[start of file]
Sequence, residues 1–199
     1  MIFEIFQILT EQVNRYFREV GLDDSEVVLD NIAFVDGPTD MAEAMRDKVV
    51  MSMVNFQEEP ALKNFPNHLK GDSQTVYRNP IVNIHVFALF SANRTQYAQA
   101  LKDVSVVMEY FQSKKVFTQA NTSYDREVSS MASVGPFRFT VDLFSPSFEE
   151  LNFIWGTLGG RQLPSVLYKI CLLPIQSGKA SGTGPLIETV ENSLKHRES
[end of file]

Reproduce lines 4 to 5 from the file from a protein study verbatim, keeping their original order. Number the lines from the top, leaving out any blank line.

   101  LKDVSVVMEY FQSKKVFTQA NTSYDREVSS MASVGPFRFT VDLFSPSFEE
   151  LNFIWGTLGG RQLPSVLYKI CLLPIQSGKA SGTGPLIETV ENSLKHRES